Organic apple certification is a one-size-fits-all approach that, unfortunately, doesn’t fit our climate. In Washington state, which is by far the top producer of organic apples in the US, it’s a lot easier because they have so much less disease and pest pressure due to the irrigated desert environment—it’s extremely dry there. Here in the humid Northeast, we deal with over sixty pests that either don’t exist in Washington or don’t become a major threat to apples. When our local orchards try to fit in the certified organic system, their options for warding off diseases and pests are incredibly limited. Specifically, they must rely heavily on sulfur and copper as their primary tools to combat apple disease and other issues. So heavily, in fact, that in some cases, it can negatively impact the orchard ecosystem or pose a health threat to farmworkers.

EcoCertified grew out of a need for an equally robust certification that considers our region’s climate. It’s a nonprofit, research-driven system that supports bees and pollinators, boosts soil health, and produces delicious, healthy fruit. It was developed with the support of an impressive network of entomologists, plant pathologists, horticulturists, agronomists, and weed scientists from Cornell, UMass, UConn, URI, UMaine, Penn State, Rutgers, Appalachian Fruit Research Station, and other institutions. EcoCertification includes many targeted tactics like the ones described above and emphasizes building the orchard ecosystem to support beneficial insects and other predators. It also involves a LOT of data collection. They have a weather station in the middle of the orchard connected to software at Cornell University that, through complex models and algorithms, knows if and when they need to spray for certain things within very specific windows, even within the next few hours. And in addition to their own skilled observation, Scott Farm hires a professional scout to come once a week to look for evidence of pests and diseases. Using these methods, they’re able to know as early as possible what’s coming and head it off at the pass using the gentlest tactics possible. For more information on the EcoCertified Fruit Program, visit

The Team

Erin Robinson, the head orchardist since 2020, has been in one way or another living and breathing Scott Farm for her entire life. She grew up just a half mile away as the crow flies, and currently lives just up the road in Dummerston’s original schoolhouse with her two sons. She has worked at the farm for almost twenty years and in the orchard for about half that time, and has become not only a jack-of-all-trades but also one of the main storehouses of historical information. It was pretty amazing to witness her knowledge in action. In engineer’s overalls and with tan, tattooed arms, she is not showy about the fact that she’s a walking encyclopedia, and is quick to point out that she has a team of mentors and consultants supporting her and helping her make the choices that keep the trees healthy and productive week to week. But she knows every inch of the orchard like the back of her hand.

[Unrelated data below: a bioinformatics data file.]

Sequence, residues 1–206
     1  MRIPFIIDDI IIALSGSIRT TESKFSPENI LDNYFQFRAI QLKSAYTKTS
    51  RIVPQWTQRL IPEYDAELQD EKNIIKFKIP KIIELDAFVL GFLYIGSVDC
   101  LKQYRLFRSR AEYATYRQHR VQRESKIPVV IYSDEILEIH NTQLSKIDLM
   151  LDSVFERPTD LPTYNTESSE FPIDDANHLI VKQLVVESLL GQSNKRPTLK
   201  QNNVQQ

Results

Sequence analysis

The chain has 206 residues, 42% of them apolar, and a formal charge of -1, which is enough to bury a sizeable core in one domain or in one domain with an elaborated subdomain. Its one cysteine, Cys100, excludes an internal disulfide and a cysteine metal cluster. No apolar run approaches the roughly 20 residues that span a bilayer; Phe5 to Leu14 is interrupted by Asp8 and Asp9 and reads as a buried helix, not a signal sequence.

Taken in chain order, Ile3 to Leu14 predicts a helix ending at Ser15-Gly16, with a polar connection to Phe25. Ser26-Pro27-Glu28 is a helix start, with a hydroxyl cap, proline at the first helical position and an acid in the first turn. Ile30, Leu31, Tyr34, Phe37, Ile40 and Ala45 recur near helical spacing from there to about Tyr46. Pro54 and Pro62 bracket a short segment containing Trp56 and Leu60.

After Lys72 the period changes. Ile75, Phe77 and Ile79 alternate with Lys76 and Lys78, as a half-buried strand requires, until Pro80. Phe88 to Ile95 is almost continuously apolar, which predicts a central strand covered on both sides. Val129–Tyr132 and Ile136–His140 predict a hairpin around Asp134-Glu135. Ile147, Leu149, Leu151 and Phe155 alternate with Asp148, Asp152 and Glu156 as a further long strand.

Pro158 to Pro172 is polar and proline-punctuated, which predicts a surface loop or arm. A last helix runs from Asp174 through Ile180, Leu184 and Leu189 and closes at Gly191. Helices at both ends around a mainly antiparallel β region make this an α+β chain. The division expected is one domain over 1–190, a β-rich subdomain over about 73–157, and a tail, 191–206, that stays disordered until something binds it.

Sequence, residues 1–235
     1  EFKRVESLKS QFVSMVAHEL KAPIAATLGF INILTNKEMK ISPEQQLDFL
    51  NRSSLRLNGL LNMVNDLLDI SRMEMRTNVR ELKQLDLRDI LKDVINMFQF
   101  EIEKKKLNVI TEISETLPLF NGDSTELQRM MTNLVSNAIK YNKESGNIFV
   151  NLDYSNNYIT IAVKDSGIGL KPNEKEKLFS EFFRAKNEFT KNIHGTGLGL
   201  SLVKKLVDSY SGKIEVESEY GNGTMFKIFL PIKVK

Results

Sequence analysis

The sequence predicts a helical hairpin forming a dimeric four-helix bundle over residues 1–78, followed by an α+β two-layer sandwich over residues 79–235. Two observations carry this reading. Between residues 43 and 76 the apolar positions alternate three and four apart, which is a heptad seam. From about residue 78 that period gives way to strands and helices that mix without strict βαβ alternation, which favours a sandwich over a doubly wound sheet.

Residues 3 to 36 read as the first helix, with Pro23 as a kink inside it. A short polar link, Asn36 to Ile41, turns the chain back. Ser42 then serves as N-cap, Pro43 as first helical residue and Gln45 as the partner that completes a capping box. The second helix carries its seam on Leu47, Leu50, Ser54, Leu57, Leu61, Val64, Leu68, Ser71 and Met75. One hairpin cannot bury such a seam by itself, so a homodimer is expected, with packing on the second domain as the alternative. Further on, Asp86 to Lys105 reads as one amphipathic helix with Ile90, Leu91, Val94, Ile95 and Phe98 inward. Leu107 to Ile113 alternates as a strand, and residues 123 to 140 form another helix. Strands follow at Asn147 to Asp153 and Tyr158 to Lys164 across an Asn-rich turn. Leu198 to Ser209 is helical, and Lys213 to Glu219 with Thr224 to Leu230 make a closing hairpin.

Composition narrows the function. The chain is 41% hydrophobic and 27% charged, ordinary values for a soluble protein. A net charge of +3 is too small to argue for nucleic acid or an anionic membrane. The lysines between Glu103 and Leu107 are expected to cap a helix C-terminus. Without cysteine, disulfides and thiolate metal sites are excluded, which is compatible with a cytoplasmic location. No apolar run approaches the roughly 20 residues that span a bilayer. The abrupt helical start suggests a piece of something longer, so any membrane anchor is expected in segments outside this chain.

The delicious harvests also rely extensively on the expertise of the seasonal H2A harvest crew. H2A is the visa that allows people from other countries to come to the US for temporary agricultural work. Every year, between July and November, workers from Jamaica travel to the orchard for the season. Most of Scott Farm’s harvest crew have been making this annual trip for ten to fifteen years or longer. Like Erin, the skill and knowledge they’ve developed over the years keeps the orchard’s heart pumping. They know all the subtle yet precise variations of timing for harvesting all these different fruits. The level of detail is such that even the same type of apple could have a different ripening time if it’s in a different row of trees! Back home in Jamaica, they continue their trade, except instead of apples, they grow bananas and other tropical fruits, which get sold at local farm stands in Jamaica, just as Scott Farm’s apples are usually sold locally here in New England. A small number of local seasonal farm workers also come on each year. Unfortunately, Scott Farm had to hire fewer people overall because of the freeze, and those who are here have less work to do. But there’s still a lot to be done to keep the orchard healthy and to be ready for next year.


November 30th, 1727: The first visit to Dummerston by a white colonist is recorded. Colonel Joseph Kellogg tells in his journal of his scouting party’s trip from nearby Fort Dummer to the top of Black Mountain to survey the country for Abenaki smoke signals.

–From the Dummerston Historical Society website timeline,

For around ten to fifteen thousand years before this country’s colonization, native peoples lived in the area now known as Dummerston and all of Vermont. Scott Farm’s history starts mere decades after this first recorded colonial visitation, in 1791, when the first white family to live there began to farm its land. They grew food and raised animals, and who knows, perhaps they grew the then-popular Maiden’s Blush apple, a lovely, sweet, tender American variety dating back to this era. When apples were an essential part of a family’s winter food supply, almost every farm had one or two Maiden trees; this variety is grown at the orchard today. In the early 1900s, the property was purchased by the Holbrook family. They created an innovative and forward-thinking orchard, growing then-new varieties like Macintosh and shipping them all over the country—they were one of the first orchards to use refrigeration and mail order, and even have a patent on a special shipping crate. Two generations later, the entire Scott Farm property was gifted to The Landmark Trust USA so that its history could be preserved and accessible to those who want to experience it.

“We grow interesting fruit that comes with a story, and we love to share that story.” Today, Simon’s words resonate beyond the historical context of the apples and the land they’re grown on. We’re in the chapter that includes weather patterns disrupted by climate change. But with incredible developments in agricultural systems like the ones EcoCertified utilizes, the determination of the Scott Farm Orchard’s team, and the support of our Co-op and our community, abundance and deliciousness surely lie ahead!

Hard Cider Tasting! Thursday, Oct. 12, 2:30-5:30 pm

By Ruth Garbus